Come and Speak at FSOSS 2010 Wed, Jul 21. 2010
The 9th Annual Free Software and Open Source Symposium (FSOSS, "eff-sauce") is coming up on October 28th and 29th, here at Seneca College in Toronto. This is a great event with a wide-ranging, eclectic mix of workshops and presentations.
I've been involved in planning FSOSS for the past few years, but stepped back a bit to catch my breath this year. Mary Lynn Manton has stepped up to the task of chairing this year's event with Rose Saliba, who is co-chairing for her third year.
FSOSS is still looking for interesting workshops and presentations on a variety of open source topics. If you're working with open source in any way, this could be a great opportunity -- please check out http://fsoss.ca and submit a presentation proposal right away!
Seneca and the Fedora ARM Secondary Architecture Thu, Apr 22. 2010
ARM processors power the digital mobile age. Billions are produced per year, ending up in the majority of cellphones as well as in e-book readers, plug computers, the OLPC XO 1.75, tablets, netbooks, intelligent RJ-45 network jacks, and even microSD cards.
The Fedora ARM Secondary Architecture project has done a great job of porting Fedora releases to ARM. To assist this initiative, this semester's Software Build and Release course at Seneca (SBR600) put together a new Koji build farm for the ARM architecture in preparation for using koji-shadow to follow the primary architectures. It's been a fascinating and challenging project -- working with cross-compilers, emulators, and hardware with much smaller configurations than standard PCs. A large amount of effort was spent benchmarking various configurations to determine optimal memory and storage arrangements and to compare emulated vs. hardware ARM performance to guide the configuration of the build farm.
So now we're at the end of the semester. Where do things stand?
- We have a working Koji build system, with two hardware builders plus emulated (VM) builders
- Since we're at the end of the semester, things will be quiet for the next week and a half, but then we've hired a graduate to work on this full-time (intros coming up shortly )
What's next? In May-June we expect to:
Clarity in Error Dialogs Sun, Feb 21. 2010
I've met my share of error dialogs through the years. Ones that say "Something bad has happened. Ok?" are annoying but understandable.
However, one in gpk-update-viewer, which I encountered yesterday, is a real head-scratcher:
This dialog sometimes appears when you try to close the gpk-update-viewer window while updating and it reads:
Cannot cancel running task
There are tasks that cannot be cancelled.
Quite apart from the fact that this dialog shouldn't appear at all -- packagekit will continue the update in the background -- the two buttons appear to mean the same thing, both of which are (according to the dialog) impossible.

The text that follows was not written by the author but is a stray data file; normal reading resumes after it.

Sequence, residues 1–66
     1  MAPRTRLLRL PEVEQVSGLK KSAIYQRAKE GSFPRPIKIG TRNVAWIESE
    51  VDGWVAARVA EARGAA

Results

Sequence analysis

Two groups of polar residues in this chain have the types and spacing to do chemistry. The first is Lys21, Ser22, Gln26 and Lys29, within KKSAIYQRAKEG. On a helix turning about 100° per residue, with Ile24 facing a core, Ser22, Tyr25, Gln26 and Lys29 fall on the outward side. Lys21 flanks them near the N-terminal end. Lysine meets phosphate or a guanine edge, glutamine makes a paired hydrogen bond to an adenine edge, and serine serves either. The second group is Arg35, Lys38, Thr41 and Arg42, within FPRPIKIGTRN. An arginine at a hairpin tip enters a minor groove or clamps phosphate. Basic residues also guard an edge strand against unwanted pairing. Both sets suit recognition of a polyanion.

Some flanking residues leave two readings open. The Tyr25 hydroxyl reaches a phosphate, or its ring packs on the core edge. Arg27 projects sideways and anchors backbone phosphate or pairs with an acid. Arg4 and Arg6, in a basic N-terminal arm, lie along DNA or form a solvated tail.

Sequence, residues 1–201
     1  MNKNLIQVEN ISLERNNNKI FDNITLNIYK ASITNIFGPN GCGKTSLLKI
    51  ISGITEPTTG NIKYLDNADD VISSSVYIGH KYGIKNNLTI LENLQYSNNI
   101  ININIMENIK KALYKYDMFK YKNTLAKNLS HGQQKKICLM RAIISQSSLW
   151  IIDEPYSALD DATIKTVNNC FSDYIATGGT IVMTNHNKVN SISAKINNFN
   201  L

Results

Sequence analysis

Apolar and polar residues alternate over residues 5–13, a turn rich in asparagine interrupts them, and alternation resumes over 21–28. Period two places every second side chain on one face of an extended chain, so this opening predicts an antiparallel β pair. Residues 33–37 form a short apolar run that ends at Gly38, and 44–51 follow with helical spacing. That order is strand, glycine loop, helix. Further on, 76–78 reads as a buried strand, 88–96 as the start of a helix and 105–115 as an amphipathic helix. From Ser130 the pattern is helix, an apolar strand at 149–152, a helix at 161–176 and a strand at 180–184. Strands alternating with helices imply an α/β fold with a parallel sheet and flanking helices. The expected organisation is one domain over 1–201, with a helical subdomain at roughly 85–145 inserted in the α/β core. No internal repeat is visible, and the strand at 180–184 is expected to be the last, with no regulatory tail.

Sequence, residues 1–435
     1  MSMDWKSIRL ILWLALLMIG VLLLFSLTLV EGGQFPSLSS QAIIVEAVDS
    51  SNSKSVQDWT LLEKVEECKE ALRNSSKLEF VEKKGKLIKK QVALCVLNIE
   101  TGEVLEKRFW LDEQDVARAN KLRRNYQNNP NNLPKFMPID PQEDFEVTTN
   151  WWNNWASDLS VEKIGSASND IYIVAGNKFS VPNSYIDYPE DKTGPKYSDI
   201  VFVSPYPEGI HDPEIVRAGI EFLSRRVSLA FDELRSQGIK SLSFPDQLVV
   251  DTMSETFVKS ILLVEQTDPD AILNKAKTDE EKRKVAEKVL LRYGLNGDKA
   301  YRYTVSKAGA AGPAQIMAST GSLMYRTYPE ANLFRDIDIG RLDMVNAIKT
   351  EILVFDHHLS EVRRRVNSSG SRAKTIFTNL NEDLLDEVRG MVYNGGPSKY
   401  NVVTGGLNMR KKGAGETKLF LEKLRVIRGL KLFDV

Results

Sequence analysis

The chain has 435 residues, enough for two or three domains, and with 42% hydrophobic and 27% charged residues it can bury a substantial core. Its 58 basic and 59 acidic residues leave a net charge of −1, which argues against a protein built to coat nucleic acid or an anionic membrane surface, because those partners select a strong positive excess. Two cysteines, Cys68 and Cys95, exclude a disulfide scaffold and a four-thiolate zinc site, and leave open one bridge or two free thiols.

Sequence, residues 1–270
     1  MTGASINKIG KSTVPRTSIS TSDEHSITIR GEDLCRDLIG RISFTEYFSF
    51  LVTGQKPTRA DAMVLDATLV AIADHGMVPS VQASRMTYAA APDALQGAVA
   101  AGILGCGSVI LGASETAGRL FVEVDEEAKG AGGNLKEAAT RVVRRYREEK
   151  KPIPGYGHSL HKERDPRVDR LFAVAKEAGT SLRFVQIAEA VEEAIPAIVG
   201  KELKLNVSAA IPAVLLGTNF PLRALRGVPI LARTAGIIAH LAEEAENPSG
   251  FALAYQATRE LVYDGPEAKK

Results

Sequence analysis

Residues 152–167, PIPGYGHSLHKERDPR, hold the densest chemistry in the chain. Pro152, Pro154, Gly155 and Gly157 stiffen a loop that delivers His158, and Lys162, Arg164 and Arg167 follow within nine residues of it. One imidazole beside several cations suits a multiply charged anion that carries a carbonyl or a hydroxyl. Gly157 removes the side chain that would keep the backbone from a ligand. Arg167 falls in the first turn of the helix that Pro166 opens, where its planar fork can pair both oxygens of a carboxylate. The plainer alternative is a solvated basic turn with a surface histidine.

Update: Richard Hughes noted in the comments that this is fixed upstream
Dear Lazyweb: How can you find a process ID given a window ID? Mon, Nov 23. 2009
As far as I know, there is no way to reliably get a process ID from an X window ID for local clients (to implement Richard's View Source idea). I would love to be wrong!
(1) Did I miss something? Can this be done now?
(2) If this can't be done now, what would it take? Could we create an X extension so that the server can supply connection info for a window, and then trace that connection info back to a specific process?
StudentProject keyword in Fedora Bugzilla Wed, Nov 11. 2009
One challenge of teaching inside an open source community is finding projects which are appropriately for students to work on: they shouldn't be really trivial, because that won't provide a challenge or allow the student to engage with the community; they can't be huge, or the student won't finish them within the semester; and they can't be blockers or part of the critical path to a release, because the student may not be able to complete the project on the community's timeline.
My colleague David Humphrey introduced a new keyword into the Mozilla bugzilla tracker last spring, and it has been successfully used to identify many potential student projects (108 at the time of writing).
Good ideas are worth copying -- and since I'm bringing students into the Fedora community, and the POSSE-APAC professors will bring even more, I asked Dave Lawrence to add the StudentProject keyword to the Fedora/Red Hat bugzilla (thanks Dave and Paul!).
Kids vs. Students Sat, Nov 7. 2009
I stopped using the word "kids" to refer to students for several reasons -- including the fact that I had a student twenty years my senior, and another who was a fully accredited Civil Engineer in his home country -- but the main reason that I dropped it was that it is simply incompatible with the way open source communities work. In open source, roles are defined by contribution, not age or formal training. Some of the youngest members of the community are the most active, and make crucial and valuable contributions.
If we're teaching inside open source communities, then it's important that we value students as full members of those communities -- and I think that the term "kids" is dismissive of their abilities.